Saturday, March 31, 2012

The Benefits of a College Diploma

So recently I've noticed the benefits of having a college diploma. They are rather significant actually. I would have never expected this when I was younger. College may seem hard, but in the end you finish because you are lazy.

Let me paint a picture of the group I work with when I'm on field assignment at Sevier Lake. There are a whole bunch of field hands. One is an older master mechanic, another mechanic in his 30's, an airboat driver/generic helper and four people from an aquatic diving center that are contracted to be here that range from 30 to 70 years old. Then there is a neurotic barge driver from Louisiana, a driller, the driller's helper and myself. With the exception of the air boat driver and a couple of the aquatic laborers, each one of them has considerably more experience and knowledge with their respective chosen career than I do. Each one of them is older than I am. There are occasionally others out here. Other geologists who sample the water, a technician who helps me sample the mud, the project manager visits occasionally.

I'm 26, I look like I'm 21, I have 8 months of experience which makes me relatively new, I have no idea how to run a drill rig, a barge or an airboat. Yet what makes me special is that I have a piece of paper that says "You went to school for 4 years longer than everyone else here." That paper means people trust your judgment more than they would otherwise. If you ask me, that's pretty damn cool. If you ask them, that's pretty damn annoying. However, they had every opportunity to go to college that I had. Most of them do have vocational training of some sort. Yet training isn't the same as taking random useless classes that you'll never need along with a handful of classes that you will use daily and keeping at that for four years. In the end that means my trusted judgment allows me to make decisions on when we have situations that must be taken care of before we can continue or when we have to stop altogether.

Another benefit? The pay. I'm not really one to flaunt what I make. In my office I would bet that I'm one of the lower paid people, but they're all college graduates too and most of them have more experience than me. However with the field crew I've been working with, I've overheard conversations between people working out here about money. Despite having significantly more experience, none of them make what I do (well the other geologists and project manager probably do, if not more, but they also have degrees). In fact some of them don't even make half of what I make despite working longer hours. I almost always get there last and go home first.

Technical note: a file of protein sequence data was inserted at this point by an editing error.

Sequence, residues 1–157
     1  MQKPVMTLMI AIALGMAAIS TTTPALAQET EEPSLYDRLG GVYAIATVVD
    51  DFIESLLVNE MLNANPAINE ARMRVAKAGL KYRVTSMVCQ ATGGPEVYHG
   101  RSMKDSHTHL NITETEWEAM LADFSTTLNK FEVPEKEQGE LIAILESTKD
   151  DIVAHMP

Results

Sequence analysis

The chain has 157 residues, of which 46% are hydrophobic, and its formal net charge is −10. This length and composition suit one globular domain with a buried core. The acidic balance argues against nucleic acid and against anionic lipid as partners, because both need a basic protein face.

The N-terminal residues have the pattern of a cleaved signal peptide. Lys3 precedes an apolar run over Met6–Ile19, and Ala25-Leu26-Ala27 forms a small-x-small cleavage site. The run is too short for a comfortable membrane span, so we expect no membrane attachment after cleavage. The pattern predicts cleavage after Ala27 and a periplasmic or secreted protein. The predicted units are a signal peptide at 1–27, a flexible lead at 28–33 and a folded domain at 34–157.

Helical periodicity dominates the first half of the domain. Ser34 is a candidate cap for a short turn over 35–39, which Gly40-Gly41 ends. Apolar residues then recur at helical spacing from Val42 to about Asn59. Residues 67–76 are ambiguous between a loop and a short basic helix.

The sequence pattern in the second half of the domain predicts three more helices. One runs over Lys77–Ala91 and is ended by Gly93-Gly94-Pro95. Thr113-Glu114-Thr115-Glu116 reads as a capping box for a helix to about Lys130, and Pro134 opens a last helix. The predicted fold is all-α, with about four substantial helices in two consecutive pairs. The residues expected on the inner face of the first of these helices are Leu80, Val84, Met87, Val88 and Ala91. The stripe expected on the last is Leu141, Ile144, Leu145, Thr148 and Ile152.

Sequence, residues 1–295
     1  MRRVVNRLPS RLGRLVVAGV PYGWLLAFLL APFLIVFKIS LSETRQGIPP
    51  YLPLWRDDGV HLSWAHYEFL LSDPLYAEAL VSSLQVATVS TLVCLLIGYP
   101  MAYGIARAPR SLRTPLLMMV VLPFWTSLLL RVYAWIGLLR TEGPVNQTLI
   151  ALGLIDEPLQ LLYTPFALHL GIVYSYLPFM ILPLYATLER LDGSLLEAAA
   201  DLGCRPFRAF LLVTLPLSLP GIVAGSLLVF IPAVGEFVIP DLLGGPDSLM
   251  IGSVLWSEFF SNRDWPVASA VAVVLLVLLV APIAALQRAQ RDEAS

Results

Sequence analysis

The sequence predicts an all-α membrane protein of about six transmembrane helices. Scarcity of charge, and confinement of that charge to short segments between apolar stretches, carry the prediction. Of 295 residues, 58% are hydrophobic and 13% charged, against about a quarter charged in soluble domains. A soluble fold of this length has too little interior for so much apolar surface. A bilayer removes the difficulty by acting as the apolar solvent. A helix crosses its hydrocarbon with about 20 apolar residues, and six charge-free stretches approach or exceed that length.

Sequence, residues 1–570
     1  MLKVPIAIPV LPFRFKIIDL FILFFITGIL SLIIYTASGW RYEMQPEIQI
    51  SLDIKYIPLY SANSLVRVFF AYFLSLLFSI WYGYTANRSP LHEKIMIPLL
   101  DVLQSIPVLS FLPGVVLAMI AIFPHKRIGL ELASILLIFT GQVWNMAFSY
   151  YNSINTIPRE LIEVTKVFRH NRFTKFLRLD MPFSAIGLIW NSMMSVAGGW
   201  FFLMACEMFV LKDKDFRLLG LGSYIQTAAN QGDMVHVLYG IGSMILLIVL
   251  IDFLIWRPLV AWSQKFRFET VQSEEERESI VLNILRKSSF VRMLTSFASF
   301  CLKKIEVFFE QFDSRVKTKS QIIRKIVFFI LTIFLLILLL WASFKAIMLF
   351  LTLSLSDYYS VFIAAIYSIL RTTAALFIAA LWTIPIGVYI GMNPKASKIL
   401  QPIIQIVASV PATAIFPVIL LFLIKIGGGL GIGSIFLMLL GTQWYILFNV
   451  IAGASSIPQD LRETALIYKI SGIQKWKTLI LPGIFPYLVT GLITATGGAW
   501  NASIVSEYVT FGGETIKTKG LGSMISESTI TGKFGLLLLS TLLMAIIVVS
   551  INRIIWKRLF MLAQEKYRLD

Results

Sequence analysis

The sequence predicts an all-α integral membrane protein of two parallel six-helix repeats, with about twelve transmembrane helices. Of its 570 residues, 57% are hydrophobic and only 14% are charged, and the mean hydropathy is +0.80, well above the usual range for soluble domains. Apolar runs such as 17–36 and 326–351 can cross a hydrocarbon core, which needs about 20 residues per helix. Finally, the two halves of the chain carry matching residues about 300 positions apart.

The final benefit, the work. My job, in the field, isn't too difficult. I grab samples and take smaller representative samples of the bulk sample for analysis. After that I write down geologic observations based on the scope of the project and take photographs. I communicate with my supervisor on occasion what I did the last few days and make sure everyone stays on task. Now could anyone do this? Probably not, but anyone with a geology degree from a good university certainly could. The point is that for me, it's easy. Everyone else spends most of the day lifting heavy stuff, moving heavy stuff, driving and operating heavy equipment and going down into the lake to fix, fetch or find things. I don't have to do any of that stuff and if I did I would likely have quit months ago as I am not capable, nor do I have any desire do those things. Occasionally I will help lift stuff that need to be moved, so I don't look lazy and because I really do like to help, but that's not my function out here. My function is to take samples, notes and photos.

Like I said earlier, going to college may seem like hard work, but in the end you graduate college because you're lazy and you want to fully take advantage of opportunities to exemplify your laziness. You probably don't feel lazy while you are staying the night in the geology building because you fell asleep working on a project or when you are sneaking out of your bed, at 3am, while you have a beautiful woman asleep in it, because you have an assignment that you have to finish before the next morning but that doesn't mean you aren't.

In the end you get a diploma. Then you get to be the one who doesn't have to struggle to find jobs, or work 2+ jobs just to pay your bills. You get to sit back and take notes and samples while everyone else does the more monotonous (and harder, in my opinion) work. You get to make the decisions on when you shut down work because of protocol. You don't get those benefits because you are more experienced and have more knowledge. No, you get them because you cheated, you took a shortcut and sat through 4-6 years of classes. Best choice ever.

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